What jobs have you been employed at?


Playful Scamp
In Australia back in the day a 'checkout chick' was a girl usually underpaid who worked a checkout till.
No 'plastic fantastic' credit cards just cash or cheque/check if previously okayed by management.
Really? I wasn’t sure if you had spellcheck that changed it . Sometimes that happens to me.
That’s amazing. Why underpaid though.
Thanks. 👍That’s interesting.


Well-known member
North Carolina
The first time I had to move a heavy pallet from up high, it scared the beejebers out of me. It got to be no big deal at all. I've had them fall over, and I always blocked my head (as if my arms were going to stop those falling boxes from rattling my brains lol) but it got easy. I miss that job.


Well-known member
I enjoyed reading this recently resurrected thread. I suggest that everyone go back to the beginning, to enjoy a hearty laugh with Sifuphil, who I understand passed away a couple of days ago. That is probably the way most of us would prefer to be remembered, with laughter.


Well-known member
Waitress, screen printer, assembly, table setter, working in banks, media services, library, telephone solicitor, home cleaning, housewife, college student services.

Patio Life

Well-known member
At 24 I went to real estate school because a friend didn't want to go alone. I finished and got my license, she didn't finish the class.

I did listings and sales for a small firm in a small city for about 4 yrs, started in the Reagan inflation/recession years. Discovered property management and loved it. Worked for several companies in the big city, ran a company for someone, opened my own business at 38 yrs old and never looked back.

When I would get burnt out I would close the business, take a year or so off. Then start over when I ran out of money. LOL . It is a very high stress business.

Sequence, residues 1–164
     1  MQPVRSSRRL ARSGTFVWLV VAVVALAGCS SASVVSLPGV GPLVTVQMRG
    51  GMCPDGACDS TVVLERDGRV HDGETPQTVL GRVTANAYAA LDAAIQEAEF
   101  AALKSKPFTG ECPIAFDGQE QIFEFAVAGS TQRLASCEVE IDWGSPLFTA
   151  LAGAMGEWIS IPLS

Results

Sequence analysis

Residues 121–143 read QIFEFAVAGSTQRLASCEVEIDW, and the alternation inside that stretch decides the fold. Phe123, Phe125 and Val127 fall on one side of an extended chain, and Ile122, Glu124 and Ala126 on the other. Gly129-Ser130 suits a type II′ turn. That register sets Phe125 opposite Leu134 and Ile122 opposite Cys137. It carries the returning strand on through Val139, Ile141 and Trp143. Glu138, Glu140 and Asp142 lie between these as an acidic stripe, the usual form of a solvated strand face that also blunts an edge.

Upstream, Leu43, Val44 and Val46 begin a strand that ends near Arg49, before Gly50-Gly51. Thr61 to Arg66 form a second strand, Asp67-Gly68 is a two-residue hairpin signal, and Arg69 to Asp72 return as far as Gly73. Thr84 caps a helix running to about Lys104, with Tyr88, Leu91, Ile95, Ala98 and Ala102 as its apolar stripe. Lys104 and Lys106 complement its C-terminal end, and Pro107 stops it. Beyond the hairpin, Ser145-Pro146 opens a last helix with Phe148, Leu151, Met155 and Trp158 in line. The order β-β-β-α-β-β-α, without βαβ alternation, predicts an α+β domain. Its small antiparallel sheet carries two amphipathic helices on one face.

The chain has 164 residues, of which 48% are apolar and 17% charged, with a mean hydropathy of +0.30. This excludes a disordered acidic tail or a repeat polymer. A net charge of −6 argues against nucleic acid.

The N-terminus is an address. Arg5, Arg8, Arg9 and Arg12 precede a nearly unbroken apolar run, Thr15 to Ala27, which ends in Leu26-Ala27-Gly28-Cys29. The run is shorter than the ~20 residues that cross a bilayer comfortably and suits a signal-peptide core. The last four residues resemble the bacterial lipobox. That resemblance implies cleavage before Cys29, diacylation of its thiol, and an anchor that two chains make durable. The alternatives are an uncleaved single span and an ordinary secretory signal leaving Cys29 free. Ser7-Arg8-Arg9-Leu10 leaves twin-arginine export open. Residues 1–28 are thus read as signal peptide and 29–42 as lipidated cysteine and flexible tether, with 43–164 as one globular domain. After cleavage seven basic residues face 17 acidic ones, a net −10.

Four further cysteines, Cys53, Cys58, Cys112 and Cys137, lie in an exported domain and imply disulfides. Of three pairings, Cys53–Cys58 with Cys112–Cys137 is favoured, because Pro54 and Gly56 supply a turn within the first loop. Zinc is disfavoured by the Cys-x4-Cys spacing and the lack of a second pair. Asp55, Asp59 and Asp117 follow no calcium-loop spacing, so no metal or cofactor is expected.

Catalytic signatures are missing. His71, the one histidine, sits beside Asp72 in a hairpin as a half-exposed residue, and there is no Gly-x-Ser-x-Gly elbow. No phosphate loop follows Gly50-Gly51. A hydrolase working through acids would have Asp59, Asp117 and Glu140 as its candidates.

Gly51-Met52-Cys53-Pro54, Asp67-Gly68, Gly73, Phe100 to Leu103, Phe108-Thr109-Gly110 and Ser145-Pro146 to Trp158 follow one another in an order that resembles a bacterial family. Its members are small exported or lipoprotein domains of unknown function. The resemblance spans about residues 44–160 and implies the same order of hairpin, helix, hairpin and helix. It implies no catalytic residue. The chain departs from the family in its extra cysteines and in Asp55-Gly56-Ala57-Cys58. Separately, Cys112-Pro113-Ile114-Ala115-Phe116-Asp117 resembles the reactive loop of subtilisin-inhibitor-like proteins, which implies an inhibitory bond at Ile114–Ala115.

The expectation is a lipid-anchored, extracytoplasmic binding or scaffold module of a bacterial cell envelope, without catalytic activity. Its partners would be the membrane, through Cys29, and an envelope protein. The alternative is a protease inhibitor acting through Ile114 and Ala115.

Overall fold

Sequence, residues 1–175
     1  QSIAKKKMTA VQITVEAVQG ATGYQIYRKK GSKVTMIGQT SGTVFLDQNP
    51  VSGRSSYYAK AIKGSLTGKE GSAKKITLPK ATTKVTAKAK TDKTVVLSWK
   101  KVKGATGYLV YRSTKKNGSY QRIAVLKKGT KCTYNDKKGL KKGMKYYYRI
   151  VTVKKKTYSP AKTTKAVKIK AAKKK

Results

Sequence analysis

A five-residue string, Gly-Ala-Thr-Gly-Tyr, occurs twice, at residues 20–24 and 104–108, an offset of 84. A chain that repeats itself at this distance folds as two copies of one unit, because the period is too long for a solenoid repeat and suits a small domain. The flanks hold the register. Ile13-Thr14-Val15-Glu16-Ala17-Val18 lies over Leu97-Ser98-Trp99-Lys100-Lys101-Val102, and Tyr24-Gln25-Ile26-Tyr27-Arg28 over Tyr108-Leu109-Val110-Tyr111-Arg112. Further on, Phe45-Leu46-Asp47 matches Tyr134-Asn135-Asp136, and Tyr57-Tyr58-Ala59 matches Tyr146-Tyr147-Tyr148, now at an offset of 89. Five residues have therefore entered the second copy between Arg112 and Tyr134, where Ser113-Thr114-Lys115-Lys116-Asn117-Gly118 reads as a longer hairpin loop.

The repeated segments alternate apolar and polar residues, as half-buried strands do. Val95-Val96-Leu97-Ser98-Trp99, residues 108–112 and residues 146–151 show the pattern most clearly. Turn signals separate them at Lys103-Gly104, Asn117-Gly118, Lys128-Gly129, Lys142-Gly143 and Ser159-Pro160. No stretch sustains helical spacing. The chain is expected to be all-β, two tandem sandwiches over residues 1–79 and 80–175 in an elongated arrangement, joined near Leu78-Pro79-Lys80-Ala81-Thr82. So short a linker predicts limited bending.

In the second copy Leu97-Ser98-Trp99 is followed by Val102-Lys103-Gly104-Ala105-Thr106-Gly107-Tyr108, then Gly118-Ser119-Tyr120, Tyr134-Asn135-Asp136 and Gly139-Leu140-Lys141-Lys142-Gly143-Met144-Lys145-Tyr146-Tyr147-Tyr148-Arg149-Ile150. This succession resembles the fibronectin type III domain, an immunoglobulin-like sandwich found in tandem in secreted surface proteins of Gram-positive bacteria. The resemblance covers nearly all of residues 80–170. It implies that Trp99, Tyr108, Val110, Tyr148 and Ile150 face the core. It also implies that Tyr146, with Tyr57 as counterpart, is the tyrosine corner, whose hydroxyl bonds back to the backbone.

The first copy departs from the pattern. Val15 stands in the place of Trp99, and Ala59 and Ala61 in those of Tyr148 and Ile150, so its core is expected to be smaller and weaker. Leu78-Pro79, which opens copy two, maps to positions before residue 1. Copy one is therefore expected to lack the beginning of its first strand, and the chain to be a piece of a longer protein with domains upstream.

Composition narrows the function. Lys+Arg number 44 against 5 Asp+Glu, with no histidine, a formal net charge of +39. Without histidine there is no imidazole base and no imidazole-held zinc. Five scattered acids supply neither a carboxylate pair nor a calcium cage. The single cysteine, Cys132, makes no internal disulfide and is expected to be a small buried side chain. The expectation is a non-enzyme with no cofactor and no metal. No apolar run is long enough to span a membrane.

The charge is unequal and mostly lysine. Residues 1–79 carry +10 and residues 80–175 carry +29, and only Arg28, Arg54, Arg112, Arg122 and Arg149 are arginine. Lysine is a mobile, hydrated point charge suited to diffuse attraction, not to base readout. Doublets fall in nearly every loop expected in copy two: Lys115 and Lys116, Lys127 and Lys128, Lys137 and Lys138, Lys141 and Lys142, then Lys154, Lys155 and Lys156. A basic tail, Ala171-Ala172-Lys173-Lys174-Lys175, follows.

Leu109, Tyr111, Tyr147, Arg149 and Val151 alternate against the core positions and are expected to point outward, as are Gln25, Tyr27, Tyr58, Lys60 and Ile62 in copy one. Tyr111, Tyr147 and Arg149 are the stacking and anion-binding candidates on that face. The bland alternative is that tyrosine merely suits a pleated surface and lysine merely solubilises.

Sold the business and retired. I don't have a lot of money but I am happy. Don't miss working at all.

jerry r. garner

redneck, but brainy
Once I turned 16, my mom insisted that I get a summer job for which she made the arrangements. Usually the jobs were performing inventory at department stores. Once I had the task of doing driver surveys at rest stops on the highway (like where they were from, where they were going, etc.) and was almost arrested - at least I got the Miranda treatment. The trooper said I had to stop bothering people since I didn't have a permit to do so (I always suspected someone made a complaint). I told the trooper the survey supervisor was working at another rest stop. I guess the trooper went and talked to him becaue he came back and said I could continue. I never flipped burgers asa summer job, however.

I was lucky to get a well-paying job the fall after I graduated from college. I worked for our state's health department for 38 years (retired 9 years ago come this September). I started in the microbiology department performing a variety of diagnostic procedures and worked there 6 years. Then was promoted to the toxicology research lab and stayed there 27 years and had a few research papers published. The last year I was placed in the enviromental analysis lab where my main function was to keep the anylitical equipment calibrated. I quipped then that every time I got a promotion, the location kept getting closer to the exit door.